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Learning unethical practices from a co-worker: The peer effect of Jose Canseco

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Author Info

  • Gould, Eric D.
  • Kaplan, Todd R.

Abstract

This paper examines the issue of whether workers learn productive skills from their co-workers, even if those skills are unethical. Specifically, we estimate whether Jose Canseco, a star baseball player in the late 1980's and 1990's, affected the performance of his teammates by introducing them to steroids. Using panel data, we show that a player's performance increases significantly after they played with Jose Canseco. After checking 30 comparable players from the same era, we find that no other baseball player produced a similar effect. Furthermore, the positive effect of Canseco disappears after 2003, the year that drug testing was implemented. These results suggest that workers not only learn productive skills from their co-workers, but sometimes those skills may derive from unethical practices. These findings may be relevant to many workplaces where competitive pressures create incentives to adopt unethical means to boost productivity and profits. Our analysis leads to several potential policy implications designed to reduce the spread of unethical behavior among workers.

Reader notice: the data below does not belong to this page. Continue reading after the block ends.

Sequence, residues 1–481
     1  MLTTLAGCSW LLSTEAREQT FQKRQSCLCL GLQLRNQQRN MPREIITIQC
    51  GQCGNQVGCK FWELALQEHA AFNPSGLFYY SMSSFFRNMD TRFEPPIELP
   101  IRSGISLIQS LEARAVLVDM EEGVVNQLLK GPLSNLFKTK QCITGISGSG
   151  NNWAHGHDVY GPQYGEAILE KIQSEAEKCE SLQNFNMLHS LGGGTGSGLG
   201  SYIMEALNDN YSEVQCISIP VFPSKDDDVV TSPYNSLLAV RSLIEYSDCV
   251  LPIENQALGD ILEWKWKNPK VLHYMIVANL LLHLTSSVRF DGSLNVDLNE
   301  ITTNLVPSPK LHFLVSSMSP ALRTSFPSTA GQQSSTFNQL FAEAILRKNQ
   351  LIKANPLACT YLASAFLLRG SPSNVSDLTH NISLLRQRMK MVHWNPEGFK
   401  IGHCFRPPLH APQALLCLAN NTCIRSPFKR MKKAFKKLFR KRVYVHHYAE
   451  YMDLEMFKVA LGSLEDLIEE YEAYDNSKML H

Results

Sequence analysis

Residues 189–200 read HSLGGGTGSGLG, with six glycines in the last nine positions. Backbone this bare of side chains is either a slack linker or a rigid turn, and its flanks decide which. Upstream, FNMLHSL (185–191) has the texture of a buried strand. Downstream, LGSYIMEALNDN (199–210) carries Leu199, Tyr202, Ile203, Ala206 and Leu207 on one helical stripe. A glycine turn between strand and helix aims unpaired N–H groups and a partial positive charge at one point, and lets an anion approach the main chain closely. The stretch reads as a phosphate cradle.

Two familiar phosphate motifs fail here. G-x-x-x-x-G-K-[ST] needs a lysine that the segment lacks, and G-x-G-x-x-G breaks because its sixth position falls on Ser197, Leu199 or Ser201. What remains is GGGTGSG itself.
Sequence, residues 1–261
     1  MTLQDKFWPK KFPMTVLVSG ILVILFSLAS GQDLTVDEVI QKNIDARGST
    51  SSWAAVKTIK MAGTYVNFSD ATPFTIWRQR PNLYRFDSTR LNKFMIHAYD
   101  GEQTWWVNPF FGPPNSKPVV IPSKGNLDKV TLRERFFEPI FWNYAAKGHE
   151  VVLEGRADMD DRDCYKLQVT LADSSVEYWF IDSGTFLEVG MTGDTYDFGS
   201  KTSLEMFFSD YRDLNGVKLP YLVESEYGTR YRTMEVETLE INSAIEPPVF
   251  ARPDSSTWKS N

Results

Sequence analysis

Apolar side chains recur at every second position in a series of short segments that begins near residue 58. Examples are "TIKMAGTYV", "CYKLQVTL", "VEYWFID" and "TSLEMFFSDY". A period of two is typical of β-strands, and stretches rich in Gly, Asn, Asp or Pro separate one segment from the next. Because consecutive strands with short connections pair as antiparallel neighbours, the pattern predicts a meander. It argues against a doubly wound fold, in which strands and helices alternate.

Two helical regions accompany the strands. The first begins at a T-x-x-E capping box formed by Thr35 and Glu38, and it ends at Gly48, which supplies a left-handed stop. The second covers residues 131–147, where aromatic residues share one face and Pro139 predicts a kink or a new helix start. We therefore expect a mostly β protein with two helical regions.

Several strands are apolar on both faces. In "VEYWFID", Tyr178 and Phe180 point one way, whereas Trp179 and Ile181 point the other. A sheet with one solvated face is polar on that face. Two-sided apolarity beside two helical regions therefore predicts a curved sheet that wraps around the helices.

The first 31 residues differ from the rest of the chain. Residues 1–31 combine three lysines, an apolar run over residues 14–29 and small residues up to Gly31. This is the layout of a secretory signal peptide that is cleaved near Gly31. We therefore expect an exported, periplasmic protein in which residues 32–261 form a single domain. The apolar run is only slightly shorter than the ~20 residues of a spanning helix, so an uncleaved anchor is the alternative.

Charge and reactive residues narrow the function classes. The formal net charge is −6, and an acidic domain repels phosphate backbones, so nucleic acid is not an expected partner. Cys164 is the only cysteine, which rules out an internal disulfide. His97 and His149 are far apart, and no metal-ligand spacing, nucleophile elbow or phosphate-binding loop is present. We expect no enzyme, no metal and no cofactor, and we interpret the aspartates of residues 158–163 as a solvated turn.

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Bibliographic Info

Article provided by Elsevier in its journal Labour Economics.

Volume (Year): 18 (2011)
Issue (Month): 3 (June)
Pages: 338-348

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Handle: RePEc:eee:labeco:v:18:y:2011:i:3:p:338-348

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Web page: http://www.elsevier.com/locate/labeco

Related research

Keywords: Peer effects Corruption Crime Externalities;

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References

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Citations

Blog mentions

As found by EconAcademics.org, the blog aggregator for Economics research:
  1. Evidence for peer effects
    by chris dillow in Stumbling and Mumbling on 2008-06-25 09:28:45
  2. Crime, unemployment & peer effects
    by chris dillow in Stumbling and Mumbling on 2011-10-20 14:18:18
Citations are extracted by the CitEc Project, subscribe to its RSS feed for this item.
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Cited by:
  1. Alex Bryson & Rafael Gomez & Kerry L. Papps, 2010. "Heterogeneous Worker Ability and Team-Based Production: Evidence from Major League Baseball, 1920-2009," CEP Discussion Papers dp1015, Centre for Economic Performance, LSE.
  2. John Charles Bradbury, 2013. "Did Jose Canseco Really Improve the Performance of His Teammates by Spreading Steroids? A Critique of Gould and Kaplan," Econ Journal Watch, Econ Journal Watch, vol. 10(1), pages 40-69, January.
  3. Vilen Lipatov, 2014. "Compliance Dynamics Generated by Social Interaction Rules," CESifo Working Paper Series 4767, CESifo Group Munich.

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